Discussions on what land surveyors should call themselves are becoming increasingly common as many surveyors seek to broaden their scope beyond boundary surveying by offering scanning, modeling, GIS and other services. From my perspective, a change in terminology could be a good move for a profession dogged by value perception issues and education problems.



APOBNewsline storyin our May issue focused on Purdue University’s controversial decision to end its Bachelor of Science degree program in land surveying and geomatics engineering (BS LSGE) in favor of a broader program focused on geospatial science and engineering. Elsewhere in that issue, columnist Milton Dennywonders if it’s time to move away from the term “surveyors” and begin using a more expansive label. These discussions are becoming increasingly common as many surveyors seek to broaden their scope beyond boundary surveying by offering scanning, modeling, GIS and other services.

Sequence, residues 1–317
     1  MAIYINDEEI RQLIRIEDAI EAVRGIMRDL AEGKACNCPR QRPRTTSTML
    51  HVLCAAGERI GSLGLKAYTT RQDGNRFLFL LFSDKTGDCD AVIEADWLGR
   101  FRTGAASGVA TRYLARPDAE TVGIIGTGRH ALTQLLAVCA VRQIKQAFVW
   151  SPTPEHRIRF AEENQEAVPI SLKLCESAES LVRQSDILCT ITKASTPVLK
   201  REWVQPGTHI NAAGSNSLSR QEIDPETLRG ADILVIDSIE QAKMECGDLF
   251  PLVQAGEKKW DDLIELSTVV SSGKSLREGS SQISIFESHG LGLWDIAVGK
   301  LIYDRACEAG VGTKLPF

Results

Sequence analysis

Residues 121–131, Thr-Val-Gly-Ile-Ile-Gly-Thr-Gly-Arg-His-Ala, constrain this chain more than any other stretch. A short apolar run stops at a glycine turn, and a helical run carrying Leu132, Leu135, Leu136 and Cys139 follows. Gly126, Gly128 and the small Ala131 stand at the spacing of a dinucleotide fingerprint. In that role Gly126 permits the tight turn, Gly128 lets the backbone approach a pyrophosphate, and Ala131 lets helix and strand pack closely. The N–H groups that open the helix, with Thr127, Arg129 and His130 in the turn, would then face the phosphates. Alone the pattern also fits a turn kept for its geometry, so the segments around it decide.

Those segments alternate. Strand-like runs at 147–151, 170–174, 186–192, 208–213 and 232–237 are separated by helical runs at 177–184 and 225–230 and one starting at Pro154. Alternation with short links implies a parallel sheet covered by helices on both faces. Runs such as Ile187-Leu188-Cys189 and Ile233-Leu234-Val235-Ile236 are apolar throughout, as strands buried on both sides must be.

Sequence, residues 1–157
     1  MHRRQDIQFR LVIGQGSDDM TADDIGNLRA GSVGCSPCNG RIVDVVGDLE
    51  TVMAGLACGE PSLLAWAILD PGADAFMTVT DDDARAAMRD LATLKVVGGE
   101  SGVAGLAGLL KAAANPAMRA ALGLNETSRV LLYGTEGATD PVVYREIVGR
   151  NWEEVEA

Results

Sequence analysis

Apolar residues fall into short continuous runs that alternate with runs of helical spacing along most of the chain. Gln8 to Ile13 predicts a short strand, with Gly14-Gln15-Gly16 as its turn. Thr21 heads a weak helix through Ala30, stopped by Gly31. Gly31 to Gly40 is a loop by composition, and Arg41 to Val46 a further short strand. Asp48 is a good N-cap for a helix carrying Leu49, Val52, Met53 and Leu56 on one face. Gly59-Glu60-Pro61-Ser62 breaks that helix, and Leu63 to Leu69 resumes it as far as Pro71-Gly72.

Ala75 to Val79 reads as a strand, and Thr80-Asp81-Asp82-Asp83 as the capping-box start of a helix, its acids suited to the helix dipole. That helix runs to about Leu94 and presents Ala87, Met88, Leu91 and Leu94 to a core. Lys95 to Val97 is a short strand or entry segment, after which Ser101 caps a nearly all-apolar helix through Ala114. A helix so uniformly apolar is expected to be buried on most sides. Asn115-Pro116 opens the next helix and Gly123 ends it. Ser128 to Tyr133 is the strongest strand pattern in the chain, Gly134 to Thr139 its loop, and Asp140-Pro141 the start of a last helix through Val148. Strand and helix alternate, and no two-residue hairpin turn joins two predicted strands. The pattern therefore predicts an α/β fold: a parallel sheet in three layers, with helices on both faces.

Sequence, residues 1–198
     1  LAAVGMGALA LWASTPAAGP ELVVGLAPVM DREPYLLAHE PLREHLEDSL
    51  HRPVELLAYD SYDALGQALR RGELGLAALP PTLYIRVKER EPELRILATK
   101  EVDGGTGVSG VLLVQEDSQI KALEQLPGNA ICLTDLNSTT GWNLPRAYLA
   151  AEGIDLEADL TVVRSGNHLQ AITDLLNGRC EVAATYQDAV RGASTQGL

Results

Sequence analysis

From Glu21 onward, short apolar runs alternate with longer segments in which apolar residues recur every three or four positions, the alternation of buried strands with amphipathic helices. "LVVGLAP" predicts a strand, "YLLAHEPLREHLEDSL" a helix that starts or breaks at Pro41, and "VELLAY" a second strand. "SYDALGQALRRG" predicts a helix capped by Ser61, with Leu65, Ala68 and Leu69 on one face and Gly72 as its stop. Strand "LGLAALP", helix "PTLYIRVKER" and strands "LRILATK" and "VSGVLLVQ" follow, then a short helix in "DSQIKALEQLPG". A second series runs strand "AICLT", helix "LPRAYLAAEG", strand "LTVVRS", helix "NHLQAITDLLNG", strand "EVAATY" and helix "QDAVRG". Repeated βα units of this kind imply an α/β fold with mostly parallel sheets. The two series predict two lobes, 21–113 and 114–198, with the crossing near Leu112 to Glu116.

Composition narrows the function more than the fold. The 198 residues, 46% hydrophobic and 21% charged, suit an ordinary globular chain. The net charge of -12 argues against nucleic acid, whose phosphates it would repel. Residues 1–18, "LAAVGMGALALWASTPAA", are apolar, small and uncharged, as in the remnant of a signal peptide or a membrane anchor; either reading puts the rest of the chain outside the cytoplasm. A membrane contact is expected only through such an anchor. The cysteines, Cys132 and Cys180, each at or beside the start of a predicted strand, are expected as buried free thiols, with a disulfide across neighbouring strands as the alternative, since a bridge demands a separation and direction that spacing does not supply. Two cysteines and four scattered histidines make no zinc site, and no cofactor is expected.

From my perspective, a change in terminology could be a good move for a profession dogged by value perception issues and education problems. Today’s young people are drawn to high-tech fields with an emphasis on earth-oriented applications, so a title such as “geospatial engineer” or “geomatics professional” is likely to attract far more attention among the next generation of prospective professionals. Also, it seems logical that individuals with such titles could command higher fees simply based on the perception of those roles. While boundary surveying and retracement services will always be needed, most professionals agree that diversification and the embracing of advanced technologies and practices are key to the profession’s long-term survival. It makes sense that the terminology associated with the profession would likewise become broader in scope.


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